Sino-Turkish ties can overcome conflicts

Source:Global Times Published: 2015-7-30 0:48:40

Turkish President Recep Tayyip Erdogan is in China for a state visit from Wednesday to Thursday. Coming after a series of incidents over Sino-Turkish ties, which have drawn much attention, Erdogan's trip this time has been thrust into the spotlight. Yet analysts widely believe that his visit will not be dimmed because of these issues.

The foundation of China-Turkey ties is solid. The two countries enjoy not only a strategic cooperative relationship, but also a surging economic collaboration. Over certain major issues, China and Turkey share close or the same opinions.

Turkey is the only NATO member that has publicly considered purchasing a Chinese missile defense system. On this issue, Washington piled pressure on Ankara. It is therefore uncertain whether Turkey could finally sign the deal. Yet it mirrors Ankara's trust in Beijing and its hesitation on balancing its relationship with China and with other strategic partners.

Both China and Turkey are the victims of terrorism. China is facing harassing attacks by the East Turkestan Islamic Movement (ETIM). In Turkey, the root of terrorist attacks stems from Kurdish issues. Moreover, the nation is also very close to the stronghold of the Islamic State. The two countries can hence realize communications under the principle of fighting terror.

The problem, however, lies in the pan-Turkism ideology in the country. Some Turks have a sense of historical kinship toward Turkic-speaking nationalities in Central Asia, and such feelings are hyped by political factors from time to time during elections. For the moment, some Uyghur  immigrants from China living in Turkey have the right to vote, which in turn can have an impact on certain parties' attitudes toward Xinjiang-related issues. The Turkish government is incapable of taking complete control of this matter, over which the country's political figures and media have published some irresponsible remarks. But Turkey's government has continued to stress its stance over the one-China policy.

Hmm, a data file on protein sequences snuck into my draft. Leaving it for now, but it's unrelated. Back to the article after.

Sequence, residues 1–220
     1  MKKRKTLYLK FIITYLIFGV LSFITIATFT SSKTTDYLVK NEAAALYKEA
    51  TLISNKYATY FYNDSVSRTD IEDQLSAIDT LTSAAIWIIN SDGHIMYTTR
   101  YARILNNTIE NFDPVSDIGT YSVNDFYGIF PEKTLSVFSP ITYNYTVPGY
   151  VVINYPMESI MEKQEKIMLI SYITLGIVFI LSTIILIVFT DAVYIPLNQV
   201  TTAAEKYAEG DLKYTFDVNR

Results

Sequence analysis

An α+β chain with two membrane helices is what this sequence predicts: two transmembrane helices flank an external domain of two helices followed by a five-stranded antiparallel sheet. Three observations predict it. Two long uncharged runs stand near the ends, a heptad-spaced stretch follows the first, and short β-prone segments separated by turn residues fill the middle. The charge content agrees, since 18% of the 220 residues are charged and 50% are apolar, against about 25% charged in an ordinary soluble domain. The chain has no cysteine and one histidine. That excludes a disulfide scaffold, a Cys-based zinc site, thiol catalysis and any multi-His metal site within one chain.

During the meeting between Erdogan and his counterpart, Chinese President Xi Jinping on Wednesday, he clearly expressed that the Turkish government opposes ETIM's terrorist activities aimed at China, and is willing to boost cooperation with China in this regard. This is the most public, as well as the most clear statement of Turkey's government on the ETIM. It is of great significance to enhance the understanding of mutual trust between China and Turkey, and this is a highlight of Erdogan's visit this time.

On the one hand, Turkey is well aware that it has no capacity to interfere in China's internal affairs. On the other, some Turkish political figures and media always tend to have something to say over Xinjiang-related issues at certain times. Facing this, China should maintain a matter-of-fact attitude, stick to its principles and not compromise to any unreasonable demands from Turkey. China should also neither magnify nor overanalyze such conflicts, in order not to overstate its position in the big picture of Sino-Turkish ties.

Turkey is a major power in the Middle East, with a sound economic foundation. Furthermore, its government has raised the "2023 vision," aiming at being one of the top 10 world economies by 2023. Ankara is interested in China's "One Belt, One Road" initiative, and is hoping to connect it with its "2023 vision." There is solid ground for the two sides to overcome conflicts and promote strategic cooperation.

We welcome Erdogan, an experienced politician. We hope that he comes with good wishes, and will deliver China's truthful message and best wishes to his country.

Posted in: Editorial

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